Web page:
Processed Foods: The Pros and Cons – Part 1

Making Sense of Food Labels For your Toddler

The Pros

Recently I did some filming for a new one off television documentary (will share more details when I’ve been given the nod to talk about it) all about ‘processed foods’.

The topic of processed foods is such a controversial one, and one that often stirs up a lot of emotions in people and so I knew that I wanted to approach it from a very balanced point of view.

In the UK we are a “ready meal nation” with nearly half of all ready meals created in Europe being consumed in the UK. However, processed foods and ready meals get a lot of negative press, which, whilst often justified and based on evidence that high intakes of processed foods are not great, can also be exaggerated and miss important points about the benefits of processed foods to our life/health too.

Before you stop reading, scream at the screen or decide to banish me to the list of “industry shrills”, I’m going to explain why and write about the side of processed foods that we rarely get to hear about.

The benefits of processed food

Feeding plenty:

In a world where we have thousands of mouths to feed every single day, the processing of food is not only helpful, but in some cases it is essential. Almost all foods are processed in some way before they are consumed – think chopping, freezing, blending, cooking. But what counts as “processed food” is really variable and often depends hugely on an individual’s own ideas of what processed means.

For example, many people don’t think of frozen vegetables, free-from foods, honey or even energy balls as being ‘processed’, but some of these go through multiple processing methods before they are ready to eat.

Food variety:

Without processed foods, we would never have the huge variety of foods that we have available to us today. We can visit the supermarket and have our pick of a huge array of different foods from nuts to beans and pulses to plant-based proteins such as Quorn and tofu as well as huge variety in crisps, breakfast cereals and jams. In some ways this HUGE choice can be concerning, but it has to be said that we are very lucky to have such a variety available to us every single day.

Safe foods:

Importantly, processing also makes our food safe to eat. For example, when milk is pasteurised, this is done simply to destroy any harmful bacteria that may be lurking in the raw product. Pasteurising ensures that any bacteria isn’t allowed to grow, contaminate milk for sale and potentially make consumers unwell. Additionally, raw kidney beans contain an inedible protein that needs to be removed before they are safe to consume. Heating the beans helps to ensure they are edible and safe for consumption.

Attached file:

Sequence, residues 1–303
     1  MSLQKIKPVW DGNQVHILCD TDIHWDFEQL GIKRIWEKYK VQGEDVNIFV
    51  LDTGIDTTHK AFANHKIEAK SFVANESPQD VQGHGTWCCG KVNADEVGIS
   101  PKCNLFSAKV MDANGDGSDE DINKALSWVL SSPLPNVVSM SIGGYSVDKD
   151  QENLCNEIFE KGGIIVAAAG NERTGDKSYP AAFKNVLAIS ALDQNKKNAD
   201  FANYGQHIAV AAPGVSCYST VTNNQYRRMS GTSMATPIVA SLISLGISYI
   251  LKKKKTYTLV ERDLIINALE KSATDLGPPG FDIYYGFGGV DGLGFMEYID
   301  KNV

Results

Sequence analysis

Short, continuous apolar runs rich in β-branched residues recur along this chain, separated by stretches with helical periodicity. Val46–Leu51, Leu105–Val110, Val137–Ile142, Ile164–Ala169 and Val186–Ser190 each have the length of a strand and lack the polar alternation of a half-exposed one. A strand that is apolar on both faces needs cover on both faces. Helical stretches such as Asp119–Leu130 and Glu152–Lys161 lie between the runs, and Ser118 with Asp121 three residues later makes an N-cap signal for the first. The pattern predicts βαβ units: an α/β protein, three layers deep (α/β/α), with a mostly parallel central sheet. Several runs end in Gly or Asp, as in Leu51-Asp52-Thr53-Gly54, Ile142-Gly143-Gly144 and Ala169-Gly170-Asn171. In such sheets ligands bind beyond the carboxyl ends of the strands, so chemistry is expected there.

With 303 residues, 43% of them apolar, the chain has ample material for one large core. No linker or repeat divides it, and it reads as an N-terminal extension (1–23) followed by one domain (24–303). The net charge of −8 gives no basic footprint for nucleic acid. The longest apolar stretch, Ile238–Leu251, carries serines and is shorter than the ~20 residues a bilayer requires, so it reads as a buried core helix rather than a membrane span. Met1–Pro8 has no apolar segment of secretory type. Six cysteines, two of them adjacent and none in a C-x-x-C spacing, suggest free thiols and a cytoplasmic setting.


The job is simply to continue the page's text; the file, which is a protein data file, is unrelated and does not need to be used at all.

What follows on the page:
“Never before have we had such an abundance of safe, and healthy food available to us around the world.” (Anon)

And, now comes the most controversial one of all…

Food processing helps us to consume more healthy food options:

Yes. I said it. Processed foods can actually encourage us to consume more variety and a variety of healthier options too. For example freezing fruits and vegetables can help encourage many more people to consume the recommended 5 A Day. Frozen fruits and vegetables are a very quick and healthy option to add to dinners, soups, cereals and smoothies and the freezing process actually helps to lock in nutrients that may otherwise be lost in fresh fruit and veg.

On top of this, many foods are often fortified with nutrients during processing. For example plant-based milks are often low in calcium, B-vitamins and iodine but many manufacturers choose to voluntarily fortify their milks with these vitamins and minerals to help make them more nutritionally comparable to cow’s milk. Without this fortification, those choosing plant-milks for allergy, cultural or welfare reasons may be at risk of having low intakes in some of the nutrients present in cow’s milk.

Additionally the fortification of white and brown (not wholemeal) flour with iron, thiamine and niacin is enforced by law in the UK, and this helps to ensure that these breads offer nutrients that may be removed during their processing.


Last but not least, processing foods helps our foods to be much more palatable…which leads me on nicely to talk more about the negatives of processed foods which will be what I post about in next week’s blog.

Take home:

Processed foods can be of benefit to many people, helping to provide safe, healthy food to vast numbers in the population. Different processes help to preserve foods and lock nutrients in as well as add extra vitamins and minerals. Of course processed foods do often have higher amounts of salt, sugar, saturated fats and lower levels of fibre and micronutrients and we will cover more on this in Processed Foods: The pros and cons 2.

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